GIPCA’s ground-breaking Live Art Festival will take place in various venues around Cape Town from 30 November to 4 December 2012, and promises a plethora of provocative and memorable experiences for audience members.
The Live Art Festival, presented by the Gordon Institute for Performing and Creative Arts and subtitled ‘Make-up your Mind’, seeks to be a space for interrogation and exploration of contemporary art forms. Embodying themes of presence, identity and gender, the inaugural Festival comprises 30 artists who emerge from a wide range of fields and often collapsing disciplinary boundaries. This sprawling series of events will take place in various venues, including the Cape Town City Hall, UCT’s Hiddingh Campus, roadside pavements, a farm and an empty swimming pool.
‘But is it art?’ must be the mantra of our time – both an earnest question and a cliché that inspires irritation and impatience. Conflicting ideas about how we perceive and not just what we perceive, the collapse of established systems based on prejudice, and postcolonial subjectivities; have all contributed to a healthy and robust bewilderment around contemporary art, particularly that emerging from South Africa. Translate that into performance or live art, and the risks are greater, the innovation sharper, the boundaries barely discernible and the befuddlement bordering on vertigo. Now more than ever before, the point of view of the individual spectator is most important in their encounter with fresh work that sits on an edge.
Uncles and Angels, a headline performance by live art diva Nelisiwe Xaba and experimental filmmaker Mocke J van Veuren, typifies the essential interdisciplinary nature of the Festival. When featured at Dance Umbrella this year, the work was described on Artslink.co.za as “uncomfortable… but done with intelligent intent, wry humour, a superb partnership and brilliant technology”, heralding what will “surely become a signature work in years to come”.
The Festival features a range of established live artists, most of whom will premiere new work, in interesting spaces around the city. These include John Nankin (co-founder of the ground-breaking Glass Theatre in 1979) who will perform at ZINK on Erf 81 in Tamboerskloof; Hlengiwe Lushaba Madlala in Hiddingh Hall; Athi-Patra Ruga decked out in a shop front, bathed in purple neon; James Webb and Christian Nerf at the Cape Town City Hall; Julia Raynham on the Grand Parade; and the formidable Tossie van Tonder, who takes on the towering City Hall Auditorium.
International contributions include those of Boris Nikitin from Zurich (on tour in Southern Africa courtesy of Pro Helvetia Johannesburg) who will present two works – Imitation of Life and a startlingly innovative take on Woyzeck. Jamie Lewis Hadley from London will present a work which Lois Keidan, co-founder of the trail-blazing Live Art Development Agency (UK), called “beautifully conceived and exquisitely performed”. Hadley focuses on using repetition, duration, blood and violent acts as strategies to interrogate the spectator’s capacity for complicity, making work to disgust, excite and provoke and promote spectator autonomy.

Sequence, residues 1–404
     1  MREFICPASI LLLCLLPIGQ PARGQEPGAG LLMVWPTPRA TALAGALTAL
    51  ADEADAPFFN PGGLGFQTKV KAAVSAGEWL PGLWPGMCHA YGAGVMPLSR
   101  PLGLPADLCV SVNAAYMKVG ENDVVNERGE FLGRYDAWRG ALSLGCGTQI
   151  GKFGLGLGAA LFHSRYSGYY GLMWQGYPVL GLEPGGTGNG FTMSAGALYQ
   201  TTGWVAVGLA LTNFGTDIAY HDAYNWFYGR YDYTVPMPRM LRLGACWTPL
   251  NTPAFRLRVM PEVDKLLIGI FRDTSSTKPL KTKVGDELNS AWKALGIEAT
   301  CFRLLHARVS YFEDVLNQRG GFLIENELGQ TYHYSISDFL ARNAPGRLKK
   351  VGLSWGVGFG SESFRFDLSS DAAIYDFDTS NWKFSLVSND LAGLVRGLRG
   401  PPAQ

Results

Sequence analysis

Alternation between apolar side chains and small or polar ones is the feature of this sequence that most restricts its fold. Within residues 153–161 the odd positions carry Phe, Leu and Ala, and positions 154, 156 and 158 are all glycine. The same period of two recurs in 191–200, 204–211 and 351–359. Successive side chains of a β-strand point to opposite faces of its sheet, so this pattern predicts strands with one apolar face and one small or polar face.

An important focus of the Festival is the inclusion of work by young artists, producing fresh new directions. Tebogo Munyai stunned audiences at the National Arts Festival, Grahamstown with Right Inside, presented on the Main Programme. Interdisciplinary trio Shariffa Ali, Samkelisiwe Mabaso and Nobukho Nqaba will present an evocative installation involving an endurance performance. Other artists include Murray Kruger, who has already developed a strong presence at events such as the Johannesburg Art Fair; Spirit Mba; the energetic duo Gabriella Pinto and Iman Isaacs; Richard September and Themba Mbuli.
Contemporary approaches to art and technology feature strongly, exemplified in the work of Sanjin Muftic and Richard Antrobus. Audiences can expect anything from sublime installations by light artist Vaughn Sadie and composer Dean Henning; quirky, highly-crafted video by the award-winning Michael MacGarry; and heady, detailed installations by Leila Anderson and Stan Wannet; to the intrusive, anarchic Yaat Party by Trudy van Rooy and Chase Downes; a provocative performance by Thabiso Pule and Hector Thami Manekehla; and a work featuring three androgynous queens, that begins as a blog and ends inside an empty swimming pool, produced by renowned writer and performer Siya Ngcobo, with dancer Llewellyn Mnguni and filmmaker Art.
Free events leading up to the Festival include workshops by Boris Nikitin; and the culminating exhibition by 2012 Donald Gordon Creative Arts Fellow, Jared Thorne at the IZIKO Annexe. The Festival will also feature the launch of Post-Apartheid Dance – a collection of essays edited by Sharon Friedman featuring writing by academics such as Xolani Rani, to veteran arts journalist Adrienne Sichel.
The GIPCA Live Art Festival runs from Friday 30 November to Tuesday 4 December 2012. Performances will only be staged once and, as with most live art, viewing room is very limited so members of the public are urged to book early. Tickets are day passes, which will allow audience members entrance to between 3 and 7 works, depending on the programme. In line with GIPCA’s policy to make such work widely accessible, tickets are inexpensive: R40 (students) and R70 (adults) per day. These may be purchased online from Webtickets.co.za, from Thursday 1 November. A full detailed programme will be available from www.gipca.uct.ac.za from 1 November. For more information, please contact the GIPCA office on email@example.com or 021 480 7156.
Author: Fiona Gordon